Earlier this week, it was announced that there would be a four-team playoff in college football with the semifinal sites rotating among six existing bowls.
It's almost certain that the Rose, Orange, Sugar and Fiesta will be four of those bowls. Here are five candidates for the final two slots.
Here are five prominent or traditional bowls whose chances I'd rate as slim to none.
Sun Bowl: The Sun Bowl is the oldest non-BCS bowl and a former member of the Bowl Coalition—the 1992-94 forerunner of the BCS.
But it hasn't had marquee matchups (traditionally featuring third-place finishers or lower; or champions of mid-major), and is played in a small and antiquated stadium in a small media market.
Gator Bowl: After the Sun Bowl, the Gator Bowl is the second-oldest non-BCS bowl. It was a member of the Bowl Coalition, and later featured the runners-up of of the ACC and Big East Conferences.
I see it being hindered by not having been a particularly rich bowl in recent years, and for featuring a 6-6 team in it last year.
Russell Athletic Bowl: The Russell Athletic Bowl (formerly the ChampsSports Bowl) originated as the Blockbuster Bowl in 1990 on the premise of attracting big-name teams with a large payout.
It is currently one of five bowls to feature a BCS conference runner-up, albeit the runner-up of the unstable and noncompetitive Big East. It also suffers by not being one of the older or more prestigious bowls in the Southeast.
Holiday Bowl: The Holiday Bowl is the fourth-richest and third-oldest bowl west of the Rockies. However, it has fallen out of prestige since losing the Pac-12 runner-up, and is played in a very outdated Qualcomm Stadium.
Liberty Bowl: As with the Gator and Sun Bowls, the Liberty Bowl is another bowl that is more than half a century old (and is approaching half a century in Memphis). It currently features the champion of the mid-major Conference USA, and has also hosted the MWC and WAC champions in the past.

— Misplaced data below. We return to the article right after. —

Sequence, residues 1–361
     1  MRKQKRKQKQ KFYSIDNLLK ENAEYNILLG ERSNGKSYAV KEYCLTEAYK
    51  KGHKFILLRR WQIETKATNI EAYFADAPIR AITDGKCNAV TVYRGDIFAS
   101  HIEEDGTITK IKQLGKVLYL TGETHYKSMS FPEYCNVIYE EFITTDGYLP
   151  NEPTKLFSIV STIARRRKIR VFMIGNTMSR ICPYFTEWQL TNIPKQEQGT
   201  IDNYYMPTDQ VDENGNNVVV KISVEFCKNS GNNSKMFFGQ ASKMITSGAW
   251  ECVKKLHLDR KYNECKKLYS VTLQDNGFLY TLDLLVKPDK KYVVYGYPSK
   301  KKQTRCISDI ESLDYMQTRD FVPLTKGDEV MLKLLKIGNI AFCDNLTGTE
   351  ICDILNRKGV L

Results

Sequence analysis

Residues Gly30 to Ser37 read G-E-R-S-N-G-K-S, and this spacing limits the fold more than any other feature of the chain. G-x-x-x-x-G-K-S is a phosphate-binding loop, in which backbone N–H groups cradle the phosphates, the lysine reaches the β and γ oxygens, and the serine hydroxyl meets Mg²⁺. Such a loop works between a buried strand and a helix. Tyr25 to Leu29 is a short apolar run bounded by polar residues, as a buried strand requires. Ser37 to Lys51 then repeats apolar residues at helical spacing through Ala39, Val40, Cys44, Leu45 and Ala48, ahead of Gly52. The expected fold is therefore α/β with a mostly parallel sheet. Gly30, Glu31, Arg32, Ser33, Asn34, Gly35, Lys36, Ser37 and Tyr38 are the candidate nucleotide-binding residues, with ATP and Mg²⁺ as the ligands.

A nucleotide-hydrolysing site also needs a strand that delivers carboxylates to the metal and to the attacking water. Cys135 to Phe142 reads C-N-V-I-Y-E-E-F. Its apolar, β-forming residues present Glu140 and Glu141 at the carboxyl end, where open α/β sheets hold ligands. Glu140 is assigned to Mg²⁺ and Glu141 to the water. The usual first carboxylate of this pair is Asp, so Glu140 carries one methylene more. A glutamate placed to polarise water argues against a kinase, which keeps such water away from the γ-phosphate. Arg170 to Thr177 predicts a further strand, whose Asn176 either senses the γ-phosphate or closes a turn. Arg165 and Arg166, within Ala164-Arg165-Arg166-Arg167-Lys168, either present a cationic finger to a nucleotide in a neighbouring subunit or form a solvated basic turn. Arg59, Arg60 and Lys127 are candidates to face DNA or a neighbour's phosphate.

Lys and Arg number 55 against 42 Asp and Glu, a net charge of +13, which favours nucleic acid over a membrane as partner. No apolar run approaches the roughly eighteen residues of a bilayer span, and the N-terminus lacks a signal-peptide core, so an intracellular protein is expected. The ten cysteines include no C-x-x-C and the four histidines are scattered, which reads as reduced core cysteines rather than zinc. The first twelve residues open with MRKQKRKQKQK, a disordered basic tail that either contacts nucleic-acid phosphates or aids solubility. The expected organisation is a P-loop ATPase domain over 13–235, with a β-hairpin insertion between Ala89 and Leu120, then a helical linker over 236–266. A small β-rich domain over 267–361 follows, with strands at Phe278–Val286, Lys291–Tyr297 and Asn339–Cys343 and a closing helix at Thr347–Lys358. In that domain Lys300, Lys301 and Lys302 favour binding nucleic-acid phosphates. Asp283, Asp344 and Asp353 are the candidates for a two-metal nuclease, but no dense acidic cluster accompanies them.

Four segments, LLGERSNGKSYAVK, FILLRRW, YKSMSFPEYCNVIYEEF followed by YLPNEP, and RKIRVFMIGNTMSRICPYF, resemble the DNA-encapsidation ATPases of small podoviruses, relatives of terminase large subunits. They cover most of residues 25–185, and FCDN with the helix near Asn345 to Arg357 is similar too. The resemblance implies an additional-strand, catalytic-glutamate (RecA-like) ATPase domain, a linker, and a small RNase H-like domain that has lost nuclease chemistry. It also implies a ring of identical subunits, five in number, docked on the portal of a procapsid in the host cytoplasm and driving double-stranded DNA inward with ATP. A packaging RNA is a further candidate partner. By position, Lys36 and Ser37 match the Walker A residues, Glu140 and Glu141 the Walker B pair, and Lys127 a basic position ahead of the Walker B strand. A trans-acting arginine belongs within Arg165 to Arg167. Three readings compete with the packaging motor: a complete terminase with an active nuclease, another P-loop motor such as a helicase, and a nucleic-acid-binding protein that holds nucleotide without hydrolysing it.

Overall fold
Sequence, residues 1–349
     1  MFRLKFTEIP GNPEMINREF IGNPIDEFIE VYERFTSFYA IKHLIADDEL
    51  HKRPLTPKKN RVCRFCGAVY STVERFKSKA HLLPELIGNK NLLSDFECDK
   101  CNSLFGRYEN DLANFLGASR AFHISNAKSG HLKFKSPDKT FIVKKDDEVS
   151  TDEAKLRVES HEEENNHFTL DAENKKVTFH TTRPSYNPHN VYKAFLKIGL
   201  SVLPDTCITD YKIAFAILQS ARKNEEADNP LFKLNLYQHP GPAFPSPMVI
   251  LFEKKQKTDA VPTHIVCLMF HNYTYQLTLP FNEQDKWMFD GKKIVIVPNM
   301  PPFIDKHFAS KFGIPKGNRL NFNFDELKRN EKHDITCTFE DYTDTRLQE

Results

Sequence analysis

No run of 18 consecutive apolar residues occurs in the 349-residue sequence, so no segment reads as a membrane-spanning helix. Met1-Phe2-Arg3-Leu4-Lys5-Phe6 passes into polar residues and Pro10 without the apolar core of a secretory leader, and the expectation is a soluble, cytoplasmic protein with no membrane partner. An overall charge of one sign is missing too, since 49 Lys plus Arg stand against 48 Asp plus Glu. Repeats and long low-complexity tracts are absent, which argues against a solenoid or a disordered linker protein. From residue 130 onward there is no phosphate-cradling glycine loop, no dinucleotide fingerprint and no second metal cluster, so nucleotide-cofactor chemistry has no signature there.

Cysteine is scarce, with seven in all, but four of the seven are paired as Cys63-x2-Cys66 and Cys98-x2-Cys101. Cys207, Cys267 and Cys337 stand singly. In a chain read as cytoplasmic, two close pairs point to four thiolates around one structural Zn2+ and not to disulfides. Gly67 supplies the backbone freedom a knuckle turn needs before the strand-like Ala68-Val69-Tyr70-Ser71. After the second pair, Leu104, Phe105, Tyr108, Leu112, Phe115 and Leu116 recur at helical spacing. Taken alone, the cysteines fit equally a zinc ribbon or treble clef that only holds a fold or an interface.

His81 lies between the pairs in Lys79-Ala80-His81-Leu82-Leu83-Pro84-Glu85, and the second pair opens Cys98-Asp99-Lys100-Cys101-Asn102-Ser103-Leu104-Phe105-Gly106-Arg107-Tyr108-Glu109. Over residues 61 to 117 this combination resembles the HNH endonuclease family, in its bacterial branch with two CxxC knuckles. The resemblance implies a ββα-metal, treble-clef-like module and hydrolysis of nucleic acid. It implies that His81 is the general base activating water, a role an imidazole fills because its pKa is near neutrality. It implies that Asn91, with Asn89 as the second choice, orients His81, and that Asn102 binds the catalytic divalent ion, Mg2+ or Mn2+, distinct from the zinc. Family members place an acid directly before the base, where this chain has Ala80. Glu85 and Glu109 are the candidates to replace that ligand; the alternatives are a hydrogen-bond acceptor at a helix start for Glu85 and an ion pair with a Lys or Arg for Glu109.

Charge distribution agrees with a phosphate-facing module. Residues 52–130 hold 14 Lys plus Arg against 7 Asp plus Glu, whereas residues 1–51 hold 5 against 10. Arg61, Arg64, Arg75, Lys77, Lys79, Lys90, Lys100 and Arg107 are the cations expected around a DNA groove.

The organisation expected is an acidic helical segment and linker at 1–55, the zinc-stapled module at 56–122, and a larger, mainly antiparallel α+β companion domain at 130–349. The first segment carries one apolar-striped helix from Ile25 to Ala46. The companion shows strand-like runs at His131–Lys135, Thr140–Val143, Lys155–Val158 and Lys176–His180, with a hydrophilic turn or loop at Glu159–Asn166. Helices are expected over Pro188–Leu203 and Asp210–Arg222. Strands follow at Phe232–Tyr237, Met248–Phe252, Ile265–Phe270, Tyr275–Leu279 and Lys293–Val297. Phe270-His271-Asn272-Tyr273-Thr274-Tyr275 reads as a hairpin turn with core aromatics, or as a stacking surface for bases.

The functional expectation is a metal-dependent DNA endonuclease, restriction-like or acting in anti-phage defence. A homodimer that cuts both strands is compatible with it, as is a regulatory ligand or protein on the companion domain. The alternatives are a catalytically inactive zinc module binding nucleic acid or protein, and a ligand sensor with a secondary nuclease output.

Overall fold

If the USA/MWC conference agreement reliably lands their champ in the Final Four, I'd give the Liberty Bowl a shot. Otherwise, no way.
The Cotton Bowl was a member of the 1992-94 Bowl Coalition (a forerunner of the BCS), and has long attempted to become an addition to the BCS. That was one of its motivations for moving out of its eponymous stadium and into the opulent Cowboys Stadium in Arlington.
As the second-longest-lasting non-BCS bowl after the Sun Bowl, the richest non-BCS bowl and the favorite to land the new Big XII-SEC matchup soon to come down the pipeline, I like their chances.
Recently, it was announced that the Chick-Fil-A (nee Peach) Bowl in Atlanta, which currently hosts the ACC runner-up against an SEC team, would bid for a slot. The Chick-Fil-A bowl is one of the richer non-BCS bowls, held in the largest market in the Southeast and will be where the new College Football Hall of Fame will be built.
They certainly have a shot, especially if cows go to extremes to get it into the semis.
For many years, the Citrus/CapitalOne Bowl was the richest non-BCS bowl, and one of a few to always be televised on network TV.
It's also the only current bowl to have conference runner-ups on each side, so by extension had the highest-ranked non-BCS team more often than any other bowl. It's in the warm-weather, entertainment-heavy Orlando market.
For these reasons, I think the CapitalOne Bowl has a fair shot.
I see it as an almost certainty that Texas will be represented in the playoff rotation. And if the Cotton Bowl isn't chosen, the mantle would likely fall to the Alamo Bowl.
Though not one of the traditional bowls (one game in 1947, then revived in 1993 with the opening of the Alamodome), the Alamo is one of the six or seven richest non-BCS bowls.
And with the deal that sent the Pac-12 runner-up to the Alamo, it is one of five bowls to feature a runner-up in a BCS Conference (the Cotton, CapitalOne, Chick-Fil-A, and Russell Athletic are the others).
I bet the first thing you thought when you saw the title of this slide was, "Wait a minute...there is no Indianapolis Bowl."
To that, I must remind you that a city need not be a current bowl host to bid for the semifinals or championship. And I think it's possible that the BCS and NCAA create a new bowl for hosting semifinals, just as they did with the BCS Championship several years ago.
The cold-weather stadium I see as having the best shot of it is the the four-year-old Lucas Oil Stadium in Indianapolis. It has already hosted a Final Four, a Super Bowl, an NFL team and the Big Ten Championship Game. There's an argument to be made that Lucas Oil Stadium is the home field of the NCAA.
Other possible cold-weather climates could include Chicago, Detroit, or even New York City.